In May, developed market equity indices drifted higher and valuations continued to inflate, spurred by U.S. tech sector earnings and a centrist victory in the French Presidential election. The appointment of a special counsel to investigate the Trump administration’s alleged Russian ties led to a brief stock sell-off, but investors quickly shrugged off the news. The VIX volatility index dipped back below 10, setting a new low for the year. In foreign exchange markets, the U.S. dollar weakened against most major currencies, erasing all of its gains since the U.S. election. Energy markets had a choppy month, with oil prices declining as OPEC failed to implement larger production cuts.

 

The Fund made gains in its long global equity positions, especially in the tech-heavy NASDAQ Index. Losses came primarily from commodities markets, as trend-following programs were whipsawed by reversals in oil and precious metals. Currencies also proved to be a detractor, as the Fund’s long U.S. dollar positions were hurt by a rebound in the Euro and Japanese yen. Performance in fixed income futures was marginally positive during the month. Overall, the Fund finished the month with a net loss of 0.61%, 0.46%, 0.38% and 0.45% for Class A, B, I and R Units, respectively.

 

June 

Global equity markets remained stable in the first half of the month, despite a number of major political events, ranging from former FBI Director James Comey’s congressional testimony to general elections in the UK. However, market sentiment shifted at month-end after European Central Bank President Mario Draghi discussed the return of reflationary forces and the potential need to end quantitative easing measures later this year. Comments from the Bank of England and Bank of Canada were also more hawkish than anticipated. Markets interpreted these statements as the first step towards a less accommodative monetary policy environment and the result was a sharp sell-off in government bond markets accompanied by a rally in the Euro, British pound and Canadian dollar.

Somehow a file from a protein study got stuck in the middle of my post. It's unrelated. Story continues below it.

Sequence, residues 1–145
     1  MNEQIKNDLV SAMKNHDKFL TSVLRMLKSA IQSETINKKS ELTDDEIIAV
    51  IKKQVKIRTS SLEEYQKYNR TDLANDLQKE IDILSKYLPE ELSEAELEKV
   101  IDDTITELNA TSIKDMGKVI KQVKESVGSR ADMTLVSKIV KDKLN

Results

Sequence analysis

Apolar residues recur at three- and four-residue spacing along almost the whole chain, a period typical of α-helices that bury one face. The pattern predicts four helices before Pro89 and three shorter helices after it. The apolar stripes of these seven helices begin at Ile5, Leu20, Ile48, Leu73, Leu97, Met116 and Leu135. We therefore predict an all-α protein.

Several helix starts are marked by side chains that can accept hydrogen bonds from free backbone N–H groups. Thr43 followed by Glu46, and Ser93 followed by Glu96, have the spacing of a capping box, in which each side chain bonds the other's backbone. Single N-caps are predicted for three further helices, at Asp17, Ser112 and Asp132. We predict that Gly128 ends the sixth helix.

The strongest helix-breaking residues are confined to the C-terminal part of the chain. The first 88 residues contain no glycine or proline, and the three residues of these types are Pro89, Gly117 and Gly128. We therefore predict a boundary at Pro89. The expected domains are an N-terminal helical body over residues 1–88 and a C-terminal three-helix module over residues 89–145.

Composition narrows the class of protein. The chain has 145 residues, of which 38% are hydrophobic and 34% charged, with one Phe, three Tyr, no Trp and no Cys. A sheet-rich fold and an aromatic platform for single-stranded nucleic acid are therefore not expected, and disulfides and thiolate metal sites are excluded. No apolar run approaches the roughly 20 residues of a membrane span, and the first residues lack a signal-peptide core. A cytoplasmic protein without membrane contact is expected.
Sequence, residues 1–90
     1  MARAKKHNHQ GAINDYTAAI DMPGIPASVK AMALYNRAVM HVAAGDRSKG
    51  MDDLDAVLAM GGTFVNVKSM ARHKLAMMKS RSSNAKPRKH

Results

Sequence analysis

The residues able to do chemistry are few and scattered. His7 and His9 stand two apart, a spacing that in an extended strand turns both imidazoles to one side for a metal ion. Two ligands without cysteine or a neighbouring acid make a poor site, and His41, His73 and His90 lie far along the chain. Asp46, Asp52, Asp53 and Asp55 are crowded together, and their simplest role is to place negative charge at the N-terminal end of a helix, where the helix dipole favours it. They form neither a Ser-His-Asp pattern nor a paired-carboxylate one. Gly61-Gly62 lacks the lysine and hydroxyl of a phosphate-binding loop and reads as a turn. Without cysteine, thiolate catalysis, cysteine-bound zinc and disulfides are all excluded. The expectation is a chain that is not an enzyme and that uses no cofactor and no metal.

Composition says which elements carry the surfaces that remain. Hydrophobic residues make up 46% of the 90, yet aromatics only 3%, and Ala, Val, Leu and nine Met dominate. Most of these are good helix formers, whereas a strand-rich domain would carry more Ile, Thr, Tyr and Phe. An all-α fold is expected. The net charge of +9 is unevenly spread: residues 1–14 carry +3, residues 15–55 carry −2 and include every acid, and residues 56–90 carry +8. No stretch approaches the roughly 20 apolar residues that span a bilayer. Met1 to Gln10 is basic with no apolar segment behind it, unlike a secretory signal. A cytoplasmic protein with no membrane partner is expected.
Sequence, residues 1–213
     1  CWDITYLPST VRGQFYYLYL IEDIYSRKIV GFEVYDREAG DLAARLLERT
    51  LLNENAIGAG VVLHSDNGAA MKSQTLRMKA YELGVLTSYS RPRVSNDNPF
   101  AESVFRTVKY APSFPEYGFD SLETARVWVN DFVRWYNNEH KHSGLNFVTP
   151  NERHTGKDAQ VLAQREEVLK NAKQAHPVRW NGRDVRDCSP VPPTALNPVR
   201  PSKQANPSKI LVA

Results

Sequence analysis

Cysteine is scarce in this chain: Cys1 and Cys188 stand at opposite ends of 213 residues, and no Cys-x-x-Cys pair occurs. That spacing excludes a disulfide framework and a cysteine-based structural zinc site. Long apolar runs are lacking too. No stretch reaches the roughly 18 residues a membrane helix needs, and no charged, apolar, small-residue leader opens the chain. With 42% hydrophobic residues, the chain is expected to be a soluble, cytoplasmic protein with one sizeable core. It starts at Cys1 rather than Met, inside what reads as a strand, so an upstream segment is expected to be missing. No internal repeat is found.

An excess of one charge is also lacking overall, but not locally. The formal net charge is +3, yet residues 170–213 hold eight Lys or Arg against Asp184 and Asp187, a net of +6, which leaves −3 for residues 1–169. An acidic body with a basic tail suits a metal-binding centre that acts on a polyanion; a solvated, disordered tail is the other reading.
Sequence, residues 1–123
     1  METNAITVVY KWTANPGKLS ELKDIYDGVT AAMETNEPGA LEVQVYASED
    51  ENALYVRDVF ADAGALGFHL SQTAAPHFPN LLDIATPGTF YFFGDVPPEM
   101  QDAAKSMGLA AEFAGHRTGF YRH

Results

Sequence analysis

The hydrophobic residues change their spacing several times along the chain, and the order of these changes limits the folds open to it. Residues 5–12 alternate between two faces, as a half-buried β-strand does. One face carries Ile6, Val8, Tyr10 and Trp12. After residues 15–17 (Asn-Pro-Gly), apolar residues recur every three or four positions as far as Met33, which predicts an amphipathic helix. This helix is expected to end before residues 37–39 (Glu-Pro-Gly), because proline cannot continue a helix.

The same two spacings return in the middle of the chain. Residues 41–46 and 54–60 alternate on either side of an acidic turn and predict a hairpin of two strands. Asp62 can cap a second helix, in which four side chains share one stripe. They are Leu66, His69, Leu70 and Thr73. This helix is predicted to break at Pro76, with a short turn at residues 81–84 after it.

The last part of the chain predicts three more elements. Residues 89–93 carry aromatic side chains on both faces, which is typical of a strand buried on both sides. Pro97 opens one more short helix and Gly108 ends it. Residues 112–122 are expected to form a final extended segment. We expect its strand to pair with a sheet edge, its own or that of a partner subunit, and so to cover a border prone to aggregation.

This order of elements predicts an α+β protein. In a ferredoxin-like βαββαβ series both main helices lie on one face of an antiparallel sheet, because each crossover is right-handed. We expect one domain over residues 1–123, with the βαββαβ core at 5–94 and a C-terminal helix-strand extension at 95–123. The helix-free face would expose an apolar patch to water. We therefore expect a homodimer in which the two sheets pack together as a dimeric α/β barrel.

The Fund made money from long equity positions early in the month, but the ECB and BOE comments led to a decline in European equity markets that caused the sector to finish down modestly. Interest rate contracts were challenging for the Fund, as global long bond positions were hurt by the fixed income sell-off in the last week of the month. Agricultural prices jumped at month-end after a U.S. Department of Agriculture report indicated plantings were short of expectations for wheat and soybean, hurting the Fund’s short positions in those markets. Overall, the Fund finished the month with a net loss of 3.85%, 3.71%, 3.63% and 3.69% for Class A, B, I and R Units, respectively.

 

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July 

Summertime markets were mostly quiet in July, despite political fireworks in the U.S. as Congress attempted to repeal the Affordable Care Act. The contentious nature of the vote and an inability to reach solidarity within the Republican Party was viewed as an impediment for passing tax reform and infrastructure spending later this year. The sector most impacted by the uncertainty was currencies. After starting the year at $1.05 against the U.S. dollar, the Euro strengthened to $1.18, rising in six of seven months this year and returning to its highest levels since early 2015. Equity indices drifted to all-time highs and largely ignored the political tumult in Washington.

 

The Fund was profitable in equity and currency markets, with slight losses in commodity and interest rate sectors. During the last three months, the Fund switched from a long U.S. dollar position against the Euro to being short U.S. dollar and long Euro. The timing worked out favorably for the Fund due to the continued appreciation of the Euro. Equity indices have been in an uptrend since March 2016 and the Fund continues to benefit from being long equities. Commodity prices were mostly rangebound in July and had a limited impact on overall Fund performance. Overall, the Fund finished the month with a net gain of 0.81%, 0.96%, 1.04% and 0.98% for Class A, B, I and R Units, respectively.

 

August